We are grateful you are gone.
Paulo Coehlo retells a traditional Sufi story about a farmer whose horse ran away. His neighbors offered sympathy for his loss, but he seemed unbothered. When the horse came back accompanied by a beautiful mare, the neighbors congratulated the farmer on his good fortune. But he shrugged that off, too, and they wondered why he wasn’t happier. One day when the farmer’s son was riding the horse, it threw him off, breaking his legs badly. Bad news. Except that when the army marched through, recruiting young soldiers for a doomed battle, the wounded son was left behind and saved from death at the hands of the enemy.
This year feels like that to me: a year of bad in the good, good in the bad. It’s been an exhausting whiplash of a year—a year where you dare not ask, “What’s next?” because the universe might supply you with another catastrophe to contend with. Between the pandemic and protests, there were fires to the west and hurricanes to the south and chaos in Washington. We lost our lion John Lewis and our Black Panther Chadwick Boseman. The year of our Lord 20 and 20 seems to do nothing but disappoint us.
But even in the midst of so much loss, there has been light.
We sat down. The coronavirus pandemic has required us to “go somewhere and sit down” as our mamas used to say. It hasn’t been easy for some of us. The chronically busy and the extroverts have found it particularly hard, but even the most introverted have had to practice sitting in our own feelings. We have had nowhere to turn from our discomfort, our inconvenience, our fear. But as yogis, we know the value of sitting in “what is.” And we remember what Dr. Gail Parker often says: “Just because you’re not doing anything doesn’t mean nothing is happening.” In sitting still, we have been encouraged to do our inner work.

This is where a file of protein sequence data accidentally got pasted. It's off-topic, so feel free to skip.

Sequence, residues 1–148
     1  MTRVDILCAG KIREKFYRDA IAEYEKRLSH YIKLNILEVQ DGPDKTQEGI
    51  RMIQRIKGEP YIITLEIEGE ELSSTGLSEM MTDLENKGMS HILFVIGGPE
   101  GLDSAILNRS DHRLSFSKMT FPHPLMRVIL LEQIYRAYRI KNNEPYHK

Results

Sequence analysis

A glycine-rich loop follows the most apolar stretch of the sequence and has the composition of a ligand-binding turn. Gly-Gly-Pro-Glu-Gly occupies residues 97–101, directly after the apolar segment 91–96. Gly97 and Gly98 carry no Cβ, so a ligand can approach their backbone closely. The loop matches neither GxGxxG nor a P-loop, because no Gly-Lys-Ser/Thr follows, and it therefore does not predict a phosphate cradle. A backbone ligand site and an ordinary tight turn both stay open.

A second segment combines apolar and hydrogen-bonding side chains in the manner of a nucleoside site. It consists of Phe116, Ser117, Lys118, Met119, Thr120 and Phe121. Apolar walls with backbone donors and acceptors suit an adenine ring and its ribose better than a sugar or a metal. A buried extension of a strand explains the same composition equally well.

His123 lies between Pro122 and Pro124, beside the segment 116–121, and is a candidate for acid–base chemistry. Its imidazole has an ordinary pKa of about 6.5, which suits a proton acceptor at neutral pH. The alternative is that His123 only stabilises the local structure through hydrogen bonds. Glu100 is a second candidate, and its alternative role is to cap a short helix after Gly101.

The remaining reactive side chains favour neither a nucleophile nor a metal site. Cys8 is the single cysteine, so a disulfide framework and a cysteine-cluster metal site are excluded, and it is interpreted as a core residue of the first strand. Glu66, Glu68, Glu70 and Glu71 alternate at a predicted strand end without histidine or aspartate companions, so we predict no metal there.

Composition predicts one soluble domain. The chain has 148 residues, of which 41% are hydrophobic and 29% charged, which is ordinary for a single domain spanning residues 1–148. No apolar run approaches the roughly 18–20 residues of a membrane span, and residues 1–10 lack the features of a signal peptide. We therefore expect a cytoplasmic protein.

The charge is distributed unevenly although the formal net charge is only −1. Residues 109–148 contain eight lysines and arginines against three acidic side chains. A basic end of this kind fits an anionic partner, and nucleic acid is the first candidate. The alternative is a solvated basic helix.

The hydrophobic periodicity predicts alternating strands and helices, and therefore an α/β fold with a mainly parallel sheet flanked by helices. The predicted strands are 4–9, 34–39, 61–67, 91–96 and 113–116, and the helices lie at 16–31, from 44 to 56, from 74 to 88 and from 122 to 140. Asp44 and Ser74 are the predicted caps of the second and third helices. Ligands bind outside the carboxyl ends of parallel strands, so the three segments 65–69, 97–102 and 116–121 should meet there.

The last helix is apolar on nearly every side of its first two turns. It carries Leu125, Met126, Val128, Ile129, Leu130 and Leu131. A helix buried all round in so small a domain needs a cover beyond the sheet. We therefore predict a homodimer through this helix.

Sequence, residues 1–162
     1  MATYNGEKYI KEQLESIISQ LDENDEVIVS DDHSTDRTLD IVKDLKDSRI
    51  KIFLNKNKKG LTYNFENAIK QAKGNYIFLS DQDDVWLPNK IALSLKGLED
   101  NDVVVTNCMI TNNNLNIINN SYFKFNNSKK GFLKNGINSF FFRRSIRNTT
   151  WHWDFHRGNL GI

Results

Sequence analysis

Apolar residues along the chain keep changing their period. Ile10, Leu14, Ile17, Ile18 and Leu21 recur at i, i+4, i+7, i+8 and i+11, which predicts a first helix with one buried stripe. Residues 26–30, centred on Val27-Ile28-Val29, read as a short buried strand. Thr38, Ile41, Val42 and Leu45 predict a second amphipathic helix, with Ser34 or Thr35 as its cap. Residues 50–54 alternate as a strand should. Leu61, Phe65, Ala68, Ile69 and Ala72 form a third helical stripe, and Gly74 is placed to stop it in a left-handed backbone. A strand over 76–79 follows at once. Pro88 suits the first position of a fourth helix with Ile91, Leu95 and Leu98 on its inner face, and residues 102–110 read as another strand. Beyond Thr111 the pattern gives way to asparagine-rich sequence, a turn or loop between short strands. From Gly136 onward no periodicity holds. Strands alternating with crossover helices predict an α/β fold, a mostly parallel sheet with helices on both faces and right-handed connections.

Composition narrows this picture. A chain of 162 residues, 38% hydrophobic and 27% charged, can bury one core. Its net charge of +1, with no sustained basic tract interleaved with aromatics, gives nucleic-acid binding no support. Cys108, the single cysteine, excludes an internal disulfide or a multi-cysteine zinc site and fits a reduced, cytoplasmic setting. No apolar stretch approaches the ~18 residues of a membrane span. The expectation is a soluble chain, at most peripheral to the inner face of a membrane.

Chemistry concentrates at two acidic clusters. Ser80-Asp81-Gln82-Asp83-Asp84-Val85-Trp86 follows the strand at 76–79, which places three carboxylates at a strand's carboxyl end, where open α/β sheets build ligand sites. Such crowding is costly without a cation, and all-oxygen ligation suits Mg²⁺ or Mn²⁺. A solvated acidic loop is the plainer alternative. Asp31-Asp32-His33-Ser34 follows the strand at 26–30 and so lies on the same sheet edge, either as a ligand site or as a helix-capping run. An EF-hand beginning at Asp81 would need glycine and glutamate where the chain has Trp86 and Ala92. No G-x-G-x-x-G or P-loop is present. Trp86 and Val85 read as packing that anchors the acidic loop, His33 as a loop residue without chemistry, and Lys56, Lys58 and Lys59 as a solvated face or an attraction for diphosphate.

We woke up. After all these decades of raising our fists and taking a knee and reminding people that we could not breathe—suddenly. Something. Clicked. Black Lives Matter. Of course, they always have, but now it’s being painted on the streets. People are seeking us out, trying to listen, and turning within, trying to understand. Is this just another novelty? We don’t know? But even some of the most cynical of us say this feels, somehow, different. We are being seen in a new way. Our opinions are earning their price. Our work is finally getting what it is worth.
This will be the time for some of us—if we are ready and we are careful—to step into new opportunities. We know, too well, the traps and the tricks. So, before we move, we will sit and contemplate, breathe and pray, seek guidance and tap into our wisdom. Then will step up and claim what is ours.
We got creative. When our yoga studios and community centers closed and public outdoor places were limited, we found other ways to create and gather. There are dance classes on Instagram and yoga classes on Zoom. Families scattered across the land are gathering virtually to share distanced meals and play virtual games. The point is that we are still together, even from a distance. We are finding new ways to connect and create. So much has been lost, but not all. All is not lost.
If it’s possible to feel sorry for a year, I feel bad for 2020. It has earned a terrible reputation; it will be infamous. The underbelly of our culture has turned its ugly side for all to see. We have been confronted with our biases and ignorance, with our fragility and vulnerability. But this year has also pointed out our strength and resilience and generosity. It has reminded us that we must love immediately and fiercely and completely. We have learned the precious value of life. This is the year that taught us the true meaning of namaste.
So here’s to the end of 2020. I honor the light in you.